Summary: Arthur and his sister Myrtle are expecting a guest on their seldom-visited home of Larklight just outside the moon's orbit. Unfortunately for them, their visitor turns out to be a band of giant spiders who quickly take over their home. The two siblings quickly escape and are rescued by a band of pirates. The pirates turn out to be not as bad as their reputation that precedes them. In a space skirmish, Myrtle is taken to Mars by the fiendish spiders to be rescued by Martians. She ends up in London (only to assault Queen Victoria in a case of mistaken identity!). Arthur, on the other hand, in the search for his sister, finds his long-lost (and believed to be dead mother). Arthur and his mother realize that the spiders are planning something horrible on Earth to bring down the British Empire. Little do they realize that it is not at the Crystal Palace, but the Crystal Palace itself as the celebrated building turns into an enormous machine bent on destroying London.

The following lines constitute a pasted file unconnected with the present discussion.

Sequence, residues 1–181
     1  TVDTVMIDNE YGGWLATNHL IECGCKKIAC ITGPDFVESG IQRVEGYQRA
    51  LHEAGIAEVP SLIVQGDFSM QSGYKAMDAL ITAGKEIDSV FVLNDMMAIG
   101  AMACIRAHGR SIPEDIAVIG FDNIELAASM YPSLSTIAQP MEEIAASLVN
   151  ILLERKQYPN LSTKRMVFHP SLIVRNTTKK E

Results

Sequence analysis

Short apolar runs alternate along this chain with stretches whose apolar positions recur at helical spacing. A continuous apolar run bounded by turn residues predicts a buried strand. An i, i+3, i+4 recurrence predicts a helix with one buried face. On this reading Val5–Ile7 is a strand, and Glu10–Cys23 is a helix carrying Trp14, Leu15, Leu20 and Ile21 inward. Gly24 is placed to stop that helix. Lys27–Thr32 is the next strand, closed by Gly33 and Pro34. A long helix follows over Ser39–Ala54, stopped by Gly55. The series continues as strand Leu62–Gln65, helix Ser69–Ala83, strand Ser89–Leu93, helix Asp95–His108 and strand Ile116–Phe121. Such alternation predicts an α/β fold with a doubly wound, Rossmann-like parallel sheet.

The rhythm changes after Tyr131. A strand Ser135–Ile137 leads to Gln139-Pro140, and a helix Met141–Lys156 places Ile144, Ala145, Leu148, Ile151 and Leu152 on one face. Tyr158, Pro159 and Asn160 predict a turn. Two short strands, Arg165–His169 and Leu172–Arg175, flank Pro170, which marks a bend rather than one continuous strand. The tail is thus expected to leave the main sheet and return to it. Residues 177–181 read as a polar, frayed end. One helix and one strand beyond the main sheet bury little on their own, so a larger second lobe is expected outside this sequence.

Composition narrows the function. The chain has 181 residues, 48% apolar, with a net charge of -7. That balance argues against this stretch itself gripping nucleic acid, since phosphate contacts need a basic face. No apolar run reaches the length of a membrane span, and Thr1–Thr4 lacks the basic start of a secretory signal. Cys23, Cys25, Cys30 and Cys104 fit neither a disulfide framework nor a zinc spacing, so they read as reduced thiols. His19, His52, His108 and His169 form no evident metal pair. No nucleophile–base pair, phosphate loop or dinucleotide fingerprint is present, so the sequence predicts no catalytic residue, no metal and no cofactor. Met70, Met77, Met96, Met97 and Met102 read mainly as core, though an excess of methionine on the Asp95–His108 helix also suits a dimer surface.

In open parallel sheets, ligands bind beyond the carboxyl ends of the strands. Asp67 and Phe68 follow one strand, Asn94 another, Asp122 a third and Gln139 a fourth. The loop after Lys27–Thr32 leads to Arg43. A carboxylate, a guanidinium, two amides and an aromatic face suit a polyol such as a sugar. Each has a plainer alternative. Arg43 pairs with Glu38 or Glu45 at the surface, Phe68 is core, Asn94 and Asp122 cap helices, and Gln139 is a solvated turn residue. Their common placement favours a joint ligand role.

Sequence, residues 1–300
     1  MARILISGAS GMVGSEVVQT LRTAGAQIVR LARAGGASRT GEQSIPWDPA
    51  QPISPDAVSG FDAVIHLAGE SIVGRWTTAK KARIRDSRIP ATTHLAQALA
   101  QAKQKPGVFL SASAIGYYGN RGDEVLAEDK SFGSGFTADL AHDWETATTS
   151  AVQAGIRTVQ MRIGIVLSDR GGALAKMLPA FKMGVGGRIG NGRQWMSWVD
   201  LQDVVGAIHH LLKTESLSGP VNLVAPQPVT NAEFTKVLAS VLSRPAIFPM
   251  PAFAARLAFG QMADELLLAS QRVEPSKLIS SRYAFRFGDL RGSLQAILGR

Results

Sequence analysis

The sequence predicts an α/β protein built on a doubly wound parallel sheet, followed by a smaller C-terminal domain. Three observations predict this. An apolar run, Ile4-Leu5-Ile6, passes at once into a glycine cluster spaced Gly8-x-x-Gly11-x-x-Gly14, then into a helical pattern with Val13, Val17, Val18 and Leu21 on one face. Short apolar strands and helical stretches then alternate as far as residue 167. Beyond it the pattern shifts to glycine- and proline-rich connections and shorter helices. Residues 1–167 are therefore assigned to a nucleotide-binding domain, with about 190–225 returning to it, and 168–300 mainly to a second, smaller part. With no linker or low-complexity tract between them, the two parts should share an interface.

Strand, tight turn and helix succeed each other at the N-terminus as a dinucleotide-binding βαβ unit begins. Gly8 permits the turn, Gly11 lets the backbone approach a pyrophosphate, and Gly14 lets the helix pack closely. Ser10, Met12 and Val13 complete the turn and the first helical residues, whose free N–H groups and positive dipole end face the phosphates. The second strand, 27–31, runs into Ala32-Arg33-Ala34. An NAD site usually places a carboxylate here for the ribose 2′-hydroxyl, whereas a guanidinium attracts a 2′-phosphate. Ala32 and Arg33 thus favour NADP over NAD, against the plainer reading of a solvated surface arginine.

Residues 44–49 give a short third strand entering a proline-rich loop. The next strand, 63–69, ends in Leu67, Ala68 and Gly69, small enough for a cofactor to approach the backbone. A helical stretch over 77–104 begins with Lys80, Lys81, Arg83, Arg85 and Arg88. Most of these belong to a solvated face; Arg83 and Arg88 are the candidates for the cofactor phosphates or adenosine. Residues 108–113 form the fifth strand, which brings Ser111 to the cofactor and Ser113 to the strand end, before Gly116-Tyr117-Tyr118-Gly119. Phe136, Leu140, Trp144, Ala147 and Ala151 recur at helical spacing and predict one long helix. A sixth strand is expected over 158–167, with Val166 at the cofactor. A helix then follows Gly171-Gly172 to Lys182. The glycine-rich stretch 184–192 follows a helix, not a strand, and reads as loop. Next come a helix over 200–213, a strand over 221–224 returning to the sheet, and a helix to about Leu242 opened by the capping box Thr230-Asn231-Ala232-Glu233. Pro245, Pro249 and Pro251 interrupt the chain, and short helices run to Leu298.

Summary: Arthur, Myrtle, and their mother decide to take a holiday at the famous Starcross resort on an asteroid off Mars. Soon, Arthur realizes that the asteroid has the ability to travel back in time to when Mars once had oceans. While there, they discover that a a band of interstellar creatures called Moobs that seem to have taken on the shape of gentlemen's hats. Myrtle gets stranded with her pirate love interest and a member of the French Legion back in Martian pre-history. Arthur and his mother, on the other hand, have to keep the Moobs from taking over the British Empire.
Assessment: It is 1851 and Britannia not only rules the waves, but Mars, Jupiter, and other parts of the universe as well. Phillip takes a page from Jules Verne with unusual machines and fantastic worlds where life teem and humans don't have to worry about space suits or oxygen, and fuses it with action. The pace is non-stop fun, particularly in the author's ability to portray and parody British sensibilities from the 1800s. For example, Myrtle is absolutely obsessed with dresses she sees in magazines and appearing to be a proper British lady (including her wondering why she can't swoon like the ladies in the novels she reads). Arthur, on the other hand, takes comical views of his sisters silliness (glossing over people gushing emotions and making fun of his sister's bathing costume - a proper Victorian thing with a bustle to hold safety supplies should the wearer be lost at sea). Both books were just tremendous fun to read and I highly recommend them.